Last year, I started watching more film and working on game plans. Having Barron there really helped me understand the game better and dissect it,” says the DB. “He taught me how to study the game and I knew I’d be comfortable playing for him again.

Adding Some Bite to the Defence

According to GM Danny Maciocia, our recruit has what it takes to be a serious candidate at the strongside linebacker position. So far in his professional career, Money has seen playing time at safety and halfback. Fulfilling the role of SAM would take him back to his high school years, but he’s ready and willing to do whatever it takes to help his team. Plus, everyone agrees: Money’s versatility is one of his best assets. He has the ability to stop the run game, to get to the quarterback if needed or to drop back into coverage.

He can perform at multiple positions,” Barron Miles explains. “He’s going to add a little bite to the secondary. He’s long, fast and rangy. Now that he’s in his third season, the game will be slower for him and he can only get better.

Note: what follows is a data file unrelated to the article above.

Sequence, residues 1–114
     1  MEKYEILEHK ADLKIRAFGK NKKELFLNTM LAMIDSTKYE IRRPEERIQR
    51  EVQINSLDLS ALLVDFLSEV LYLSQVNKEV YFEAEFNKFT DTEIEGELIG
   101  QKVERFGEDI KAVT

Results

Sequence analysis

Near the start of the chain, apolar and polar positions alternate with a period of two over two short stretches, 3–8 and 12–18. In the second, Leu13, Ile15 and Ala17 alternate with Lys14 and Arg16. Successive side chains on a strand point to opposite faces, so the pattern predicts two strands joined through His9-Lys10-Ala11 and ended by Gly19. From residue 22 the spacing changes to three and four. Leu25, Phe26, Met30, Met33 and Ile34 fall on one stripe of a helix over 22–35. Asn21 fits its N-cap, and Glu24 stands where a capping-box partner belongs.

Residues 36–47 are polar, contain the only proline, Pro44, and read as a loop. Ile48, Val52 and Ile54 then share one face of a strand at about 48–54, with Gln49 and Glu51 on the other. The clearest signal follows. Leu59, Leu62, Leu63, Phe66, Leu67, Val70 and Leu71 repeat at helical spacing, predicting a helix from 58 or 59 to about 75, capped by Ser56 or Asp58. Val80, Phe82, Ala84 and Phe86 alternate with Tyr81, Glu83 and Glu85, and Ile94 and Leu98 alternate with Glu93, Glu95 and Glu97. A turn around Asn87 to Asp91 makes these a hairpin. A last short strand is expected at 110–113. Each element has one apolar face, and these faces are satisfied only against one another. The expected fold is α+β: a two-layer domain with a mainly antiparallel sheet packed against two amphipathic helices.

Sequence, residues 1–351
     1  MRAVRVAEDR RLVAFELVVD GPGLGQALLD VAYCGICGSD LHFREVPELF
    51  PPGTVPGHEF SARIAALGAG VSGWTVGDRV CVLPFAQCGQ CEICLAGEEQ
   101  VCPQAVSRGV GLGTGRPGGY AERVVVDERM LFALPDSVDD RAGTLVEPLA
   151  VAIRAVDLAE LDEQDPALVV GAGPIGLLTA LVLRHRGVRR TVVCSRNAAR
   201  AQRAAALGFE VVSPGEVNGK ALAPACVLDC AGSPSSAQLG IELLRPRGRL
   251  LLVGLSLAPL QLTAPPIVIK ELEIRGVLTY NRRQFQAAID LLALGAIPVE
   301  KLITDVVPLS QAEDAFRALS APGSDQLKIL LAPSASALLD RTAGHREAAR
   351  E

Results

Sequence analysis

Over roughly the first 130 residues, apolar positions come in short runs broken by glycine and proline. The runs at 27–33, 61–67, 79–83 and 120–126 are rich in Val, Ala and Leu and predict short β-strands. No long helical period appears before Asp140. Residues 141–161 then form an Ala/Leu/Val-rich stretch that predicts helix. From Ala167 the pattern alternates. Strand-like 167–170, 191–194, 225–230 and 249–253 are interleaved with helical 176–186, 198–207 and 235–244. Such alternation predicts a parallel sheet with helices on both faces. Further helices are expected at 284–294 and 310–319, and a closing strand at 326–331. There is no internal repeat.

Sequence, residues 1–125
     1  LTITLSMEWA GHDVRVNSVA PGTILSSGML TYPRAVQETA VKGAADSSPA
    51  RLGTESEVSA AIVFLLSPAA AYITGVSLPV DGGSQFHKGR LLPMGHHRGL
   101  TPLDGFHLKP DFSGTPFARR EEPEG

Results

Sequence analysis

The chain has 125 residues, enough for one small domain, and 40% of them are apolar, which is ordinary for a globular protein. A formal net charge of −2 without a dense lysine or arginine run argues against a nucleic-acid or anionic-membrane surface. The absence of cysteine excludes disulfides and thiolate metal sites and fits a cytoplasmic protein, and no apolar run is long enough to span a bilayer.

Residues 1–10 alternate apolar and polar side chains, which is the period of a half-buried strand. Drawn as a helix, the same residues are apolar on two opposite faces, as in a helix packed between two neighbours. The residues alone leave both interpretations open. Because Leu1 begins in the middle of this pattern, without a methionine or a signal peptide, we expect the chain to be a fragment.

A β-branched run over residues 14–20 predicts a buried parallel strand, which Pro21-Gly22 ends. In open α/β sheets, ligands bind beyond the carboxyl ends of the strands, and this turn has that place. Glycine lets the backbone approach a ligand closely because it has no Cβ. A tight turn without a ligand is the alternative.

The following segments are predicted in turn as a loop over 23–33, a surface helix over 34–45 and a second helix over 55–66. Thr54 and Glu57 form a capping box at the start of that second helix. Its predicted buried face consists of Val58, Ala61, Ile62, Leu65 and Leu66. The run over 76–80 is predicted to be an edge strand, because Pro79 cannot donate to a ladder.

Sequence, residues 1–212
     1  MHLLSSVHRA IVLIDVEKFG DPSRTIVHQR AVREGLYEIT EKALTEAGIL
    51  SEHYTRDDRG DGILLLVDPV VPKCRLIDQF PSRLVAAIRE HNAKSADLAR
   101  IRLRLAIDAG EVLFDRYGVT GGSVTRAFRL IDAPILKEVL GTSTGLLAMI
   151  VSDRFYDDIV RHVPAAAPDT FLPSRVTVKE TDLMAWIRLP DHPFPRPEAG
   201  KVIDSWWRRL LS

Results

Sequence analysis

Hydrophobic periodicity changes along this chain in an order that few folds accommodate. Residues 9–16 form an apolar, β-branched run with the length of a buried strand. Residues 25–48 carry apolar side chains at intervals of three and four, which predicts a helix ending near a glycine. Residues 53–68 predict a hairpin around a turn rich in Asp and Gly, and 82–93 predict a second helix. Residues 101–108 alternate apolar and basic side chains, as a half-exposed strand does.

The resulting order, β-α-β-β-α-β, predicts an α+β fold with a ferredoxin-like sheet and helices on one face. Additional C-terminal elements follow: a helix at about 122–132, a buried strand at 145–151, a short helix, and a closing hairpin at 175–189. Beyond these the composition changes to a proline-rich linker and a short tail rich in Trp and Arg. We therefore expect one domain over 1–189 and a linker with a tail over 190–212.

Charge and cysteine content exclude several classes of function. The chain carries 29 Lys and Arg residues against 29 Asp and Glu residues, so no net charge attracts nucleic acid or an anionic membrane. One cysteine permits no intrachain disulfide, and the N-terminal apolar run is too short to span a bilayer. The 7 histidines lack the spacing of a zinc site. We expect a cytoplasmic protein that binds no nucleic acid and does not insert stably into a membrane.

It takes a special kind of relentlessness to be able to hit literally everybody on the field. Think of Patrick Levels in 2019. Those who appreciated his fire will certainly learn to love Money’s bite. Standing at 6’1, he has the potential to become a serious threat if he continues to focus on his technique.

I love playing this game more than anything. So much so, that I’ve been working on controlling my passion,” he admits. “Some people will say I can be a hothead. I know I don’t play calm, but I just have to constantly put that energy into my technique.

While he may be known for his intensity on the field, Money spends most of his off-time relaxing at home with his four (soon to be five) year-old daughter, Miya. As a matter of fact, the little cutie, who was born on April Fool’s Day, will be moving with him to Montreal this summer. Her presence, he says, helps him stay levelled. Something he will want to be coming into the 2020 season.